Mr. V.J.: Today, Staedtler products are prescribed for art, architecture or interior / fashion design students and they are expected to use these prescription products to get the desired results. Staedtler does not and will never compromise on quality and hence the pricing is unlikely to come down significantly for the current range. The company may come up with a range of products that would cater to a larger audience later on, but the quality would not be compromised.

    PSS: Is there any Make in India Plan from Staedtler?

    Mr. V.J.:  We feel as Staedtler has manufacturing facilities at Thailand and Indonesia in Asia, and hence in near future may not have plans to set up such a facility in India.


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    Sat, 21/09/2019
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    New ad campaign by Linc Pen aims to channelize students’ inner strength towards achieving life’s academic goals

    Linc Pen and Plastics Ltd. one of India’s most trusted writing instruments for over last four decades with a strong presence over 50 countries, has lauded the resolution and hard work of students who are taking their board exams this year with their brand-new advertising campaign endorsing one of Linc’s most successful product, “Pentonic”.                                                                           Linc Pen weaves in the magic that transpires to raise the self-belief through simple humane touch. The new ad campaign for Pentonic during this exam season touches the emotional chord of all its connoisseurs, celebrating a vital phase of student life by eulogizing the virtues of their mental strength during exams with the valiance of a soldier fighting in the country’s battlefield.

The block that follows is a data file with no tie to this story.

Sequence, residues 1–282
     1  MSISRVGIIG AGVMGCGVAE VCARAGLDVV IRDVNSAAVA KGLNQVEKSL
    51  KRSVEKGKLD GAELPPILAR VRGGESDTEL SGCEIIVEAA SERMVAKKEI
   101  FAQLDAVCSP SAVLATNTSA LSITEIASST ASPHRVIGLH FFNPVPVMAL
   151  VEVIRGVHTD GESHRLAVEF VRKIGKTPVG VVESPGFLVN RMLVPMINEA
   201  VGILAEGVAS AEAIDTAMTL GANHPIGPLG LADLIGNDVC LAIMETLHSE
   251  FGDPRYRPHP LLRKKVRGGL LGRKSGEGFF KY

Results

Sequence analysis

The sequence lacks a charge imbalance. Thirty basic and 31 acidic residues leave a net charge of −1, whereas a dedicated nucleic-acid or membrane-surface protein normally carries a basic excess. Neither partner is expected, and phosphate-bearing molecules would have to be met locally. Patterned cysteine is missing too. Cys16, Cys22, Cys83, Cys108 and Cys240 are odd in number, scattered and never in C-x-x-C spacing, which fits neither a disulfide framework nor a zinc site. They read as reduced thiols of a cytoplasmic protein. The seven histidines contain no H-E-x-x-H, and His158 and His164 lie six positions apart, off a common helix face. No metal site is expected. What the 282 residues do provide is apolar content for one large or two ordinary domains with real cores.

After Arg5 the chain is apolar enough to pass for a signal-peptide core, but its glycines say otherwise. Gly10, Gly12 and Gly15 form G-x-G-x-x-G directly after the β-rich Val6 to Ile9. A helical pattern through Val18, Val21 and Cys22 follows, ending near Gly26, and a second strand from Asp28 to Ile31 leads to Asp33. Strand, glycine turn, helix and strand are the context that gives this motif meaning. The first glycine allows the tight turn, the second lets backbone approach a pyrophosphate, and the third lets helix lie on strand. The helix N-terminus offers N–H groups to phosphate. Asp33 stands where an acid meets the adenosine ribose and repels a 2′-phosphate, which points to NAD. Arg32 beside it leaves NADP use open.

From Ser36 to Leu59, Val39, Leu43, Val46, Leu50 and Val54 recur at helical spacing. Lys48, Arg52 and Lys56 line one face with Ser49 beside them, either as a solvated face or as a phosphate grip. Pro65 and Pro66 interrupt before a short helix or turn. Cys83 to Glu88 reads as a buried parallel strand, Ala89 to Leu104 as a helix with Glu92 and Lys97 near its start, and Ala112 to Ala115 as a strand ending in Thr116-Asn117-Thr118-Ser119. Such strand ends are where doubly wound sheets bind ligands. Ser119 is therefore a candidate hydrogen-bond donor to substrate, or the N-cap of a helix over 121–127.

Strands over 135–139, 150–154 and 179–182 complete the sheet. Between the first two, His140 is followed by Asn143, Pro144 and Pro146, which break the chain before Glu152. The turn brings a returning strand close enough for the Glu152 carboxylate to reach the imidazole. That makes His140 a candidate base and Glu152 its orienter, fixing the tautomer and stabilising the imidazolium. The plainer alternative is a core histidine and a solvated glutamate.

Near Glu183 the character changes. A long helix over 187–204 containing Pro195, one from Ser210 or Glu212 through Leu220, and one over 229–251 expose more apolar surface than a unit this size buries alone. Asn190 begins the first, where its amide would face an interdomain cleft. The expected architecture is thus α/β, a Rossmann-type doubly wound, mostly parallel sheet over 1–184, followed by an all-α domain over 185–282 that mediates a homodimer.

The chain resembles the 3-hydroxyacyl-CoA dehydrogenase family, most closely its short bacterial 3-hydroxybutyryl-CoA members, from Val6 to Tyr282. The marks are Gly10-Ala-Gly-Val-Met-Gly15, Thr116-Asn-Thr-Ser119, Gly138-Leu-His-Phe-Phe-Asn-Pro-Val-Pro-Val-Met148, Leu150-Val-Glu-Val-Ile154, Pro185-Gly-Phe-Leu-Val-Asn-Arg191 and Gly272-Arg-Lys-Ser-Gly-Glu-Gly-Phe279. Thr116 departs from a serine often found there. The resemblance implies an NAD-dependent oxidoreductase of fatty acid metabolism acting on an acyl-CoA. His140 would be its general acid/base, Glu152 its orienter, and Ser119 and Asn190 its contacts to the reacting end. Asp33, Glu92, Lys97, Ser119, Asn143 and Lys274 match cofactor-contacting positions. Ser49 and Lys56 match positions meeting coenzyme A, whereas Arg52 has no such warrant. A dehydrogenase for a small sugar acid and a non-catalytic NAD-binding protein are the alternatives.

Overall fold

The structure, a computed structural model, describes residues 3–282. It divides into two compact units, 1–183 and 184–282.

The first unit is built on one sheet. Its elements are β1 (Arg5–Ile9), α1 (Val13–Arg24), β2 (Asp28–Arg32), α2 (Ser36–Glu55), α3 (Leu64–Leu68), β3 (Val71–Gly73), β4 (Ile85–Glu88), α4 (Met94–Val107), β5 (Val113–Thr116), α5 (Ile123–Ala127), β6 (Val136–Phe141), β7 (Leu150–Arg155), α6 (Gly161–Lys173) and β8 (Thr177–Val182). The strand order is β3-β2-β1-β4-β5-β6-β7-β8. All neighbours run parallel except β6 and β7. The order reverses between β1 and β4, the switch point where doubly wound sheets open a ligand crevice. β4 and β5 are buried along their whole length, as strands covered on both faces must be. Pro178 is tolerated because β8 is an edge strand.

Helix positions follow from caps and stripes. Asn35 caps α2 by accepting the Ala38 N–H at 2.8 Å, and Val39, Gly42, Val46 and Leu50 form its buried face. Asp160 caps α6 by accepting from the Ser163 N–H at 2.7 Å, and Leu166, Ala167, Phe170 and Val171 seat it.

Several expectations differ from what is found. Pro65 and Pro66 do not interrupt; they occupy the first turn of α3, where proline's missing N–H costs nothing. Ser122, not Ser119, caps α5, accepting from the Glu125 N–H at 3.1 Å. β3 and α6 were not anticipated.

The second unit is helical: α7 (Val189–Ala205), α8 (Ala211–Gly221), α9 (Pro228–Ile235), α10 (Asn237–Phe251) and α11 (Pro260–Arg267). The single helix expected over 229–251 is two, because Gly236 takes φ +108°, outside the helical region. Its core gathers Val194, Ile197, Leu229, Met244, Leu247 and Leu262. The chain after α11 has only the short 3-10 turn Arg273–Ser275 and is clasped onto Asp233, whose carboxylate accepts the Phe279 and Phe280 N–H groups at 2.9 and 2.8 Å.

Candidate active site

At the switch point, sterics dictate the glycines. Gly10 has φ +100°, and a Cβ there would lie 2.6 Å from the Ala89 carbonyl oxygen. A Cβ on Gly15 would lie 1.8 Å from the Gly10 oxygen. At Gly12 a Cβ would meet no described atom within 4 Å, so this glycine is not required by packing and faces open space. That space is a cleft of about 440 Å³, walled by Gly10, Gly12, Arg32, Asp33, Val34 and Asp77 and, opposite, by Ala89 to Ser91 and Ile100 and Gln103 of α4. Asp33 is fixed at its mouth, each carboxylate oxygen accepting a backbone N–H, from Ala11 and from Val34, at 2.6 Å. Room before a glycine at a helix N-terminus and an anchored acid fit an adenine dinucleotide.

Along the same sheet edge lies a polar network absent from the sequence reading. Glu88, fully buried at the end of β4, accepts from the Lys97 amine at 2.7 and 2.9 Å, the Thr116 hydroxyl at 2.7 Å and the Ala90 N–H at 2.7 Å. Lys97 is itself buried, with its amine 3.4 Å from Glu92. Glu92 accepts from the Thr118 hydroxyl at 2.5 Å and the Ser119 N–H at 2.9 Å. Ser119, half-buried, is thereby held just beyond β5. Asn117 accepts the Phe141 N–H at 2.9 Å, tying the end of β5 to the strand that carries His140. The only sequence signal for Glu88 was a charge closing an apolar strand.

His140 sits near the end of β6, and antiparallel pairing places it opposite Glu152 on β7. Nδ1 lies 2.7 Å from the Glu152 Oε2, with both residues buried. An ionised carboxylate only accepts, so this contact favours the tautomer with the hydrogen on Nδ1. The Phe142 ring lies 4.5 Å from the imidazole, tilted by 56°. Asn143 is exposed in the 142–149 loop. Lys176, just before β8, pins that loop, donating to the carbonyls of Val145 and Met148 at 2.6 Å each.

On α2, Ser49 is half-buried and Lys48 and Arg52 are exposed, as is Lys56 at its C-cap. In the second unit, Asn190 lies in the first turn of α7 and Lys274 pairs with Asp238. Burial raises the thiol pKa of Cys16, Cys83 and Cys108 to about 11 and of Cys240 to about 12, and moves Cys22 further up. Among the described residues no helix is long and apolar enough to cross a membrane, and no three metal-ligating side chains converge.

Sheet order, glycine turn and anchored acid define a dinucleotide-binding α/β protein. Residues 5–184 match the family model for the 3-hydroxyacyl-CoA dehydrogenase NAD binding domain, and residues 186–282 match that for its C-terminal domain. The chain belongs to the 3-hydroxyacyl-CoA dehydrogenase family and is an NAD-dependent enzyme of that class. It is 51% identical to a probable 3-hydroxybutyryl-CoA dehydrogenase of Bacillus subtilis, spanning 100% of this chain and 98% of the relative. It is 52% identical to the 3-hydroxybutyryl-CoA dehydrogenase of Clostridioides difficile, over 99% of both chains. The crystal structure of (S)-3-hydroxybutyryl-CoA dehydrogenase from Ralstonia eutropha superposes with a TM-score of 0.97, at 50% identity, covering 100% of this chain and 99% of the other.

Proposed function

Linc has always been a part of the growing generations, this time endorsing their widely successful product offering, Pentonic which has taken the imagination of the nation by storm with its futuristic and new generation look and performance. ‘Pentonic – ‘Write the future’ is designed to be an advanced writing instrument for the Gen-Z and Gen-Alpha, keeping in mind their avant-garde needs and demands.

    With this differentiating ethos Linc has embarked upon an idea that inspires and challenges the future with its boldness.

    Mr. Deepak Jalan, Managing Director and CEO, LINC PEN PLASTIC LTD. said "Pentonic has to be one of the best offerings from  the stable of Linc. With its effortless smooth writing and unique ink flow system, Pentonic enables the students to write their exams with command and confidence. We at Linc, differentiate with innovation, delivering the best possible writing experience for all our consumers at all price points. The new ad campaign is dedicated to the exam warriors who have put in their hard work to achieve success in academics like the spirited soldier of a nation at the battlefield."